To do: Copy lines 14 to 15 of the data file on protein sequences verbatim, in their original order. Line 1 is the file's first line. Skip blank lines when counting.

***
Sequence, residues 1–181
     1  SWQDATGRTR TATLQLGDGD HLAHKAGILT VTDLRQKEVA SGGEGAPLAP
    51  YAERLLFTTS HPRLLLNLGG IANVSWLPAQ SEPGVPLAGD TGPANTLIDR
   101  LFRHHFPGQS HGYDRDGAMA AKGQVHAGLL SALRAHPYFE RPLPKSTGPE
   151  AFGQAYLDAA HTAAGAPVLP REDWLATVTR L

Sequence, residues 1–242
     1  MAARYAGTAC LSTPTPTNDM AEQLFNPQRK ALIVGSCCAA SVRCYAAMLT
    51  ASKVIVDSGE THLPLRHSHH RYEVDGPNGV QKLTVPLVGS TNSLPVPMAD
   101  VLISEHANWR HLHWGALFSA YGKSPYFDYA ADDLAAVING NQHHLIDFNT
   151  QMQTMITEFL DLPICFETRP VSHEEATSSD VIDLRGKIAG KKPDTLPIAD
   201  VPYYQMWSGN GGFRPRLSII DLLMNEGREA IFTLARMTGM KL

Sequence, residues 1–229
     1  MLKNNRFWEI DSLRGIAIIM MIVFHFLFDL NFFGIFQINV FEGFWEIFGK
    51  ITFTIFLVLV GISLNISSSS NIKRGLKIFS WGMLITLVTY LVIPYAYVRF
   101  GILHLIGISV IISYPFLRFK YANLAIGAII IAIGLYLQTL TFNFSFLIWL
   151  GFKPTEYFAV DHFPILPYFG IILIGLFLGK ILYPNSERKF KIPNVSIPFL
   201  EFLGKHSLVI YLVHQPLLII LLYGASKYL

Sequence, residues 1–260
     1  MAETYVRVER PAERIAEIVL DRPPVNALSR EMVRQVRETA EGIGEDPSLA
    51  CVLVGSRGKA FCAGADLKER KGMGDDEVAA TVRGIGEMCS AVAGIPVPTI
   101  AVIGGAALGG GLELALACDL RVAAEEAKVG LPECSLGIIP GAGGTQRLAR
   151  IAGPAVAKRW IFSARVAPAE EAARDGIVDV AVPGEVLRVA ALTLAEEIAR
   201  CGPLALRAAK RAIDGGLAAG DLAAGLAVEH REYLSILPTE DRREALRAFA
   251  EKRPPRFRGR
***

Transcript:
    51  ITFTIFLVLV GISLNISSSS NIKRGLKIFS WGMLITLVTY LVIPYAYVRF
   101  GILHLIGISV IISYPFLRFK YANLAIGAII IAIGLYLQTL TFNFSFLIWL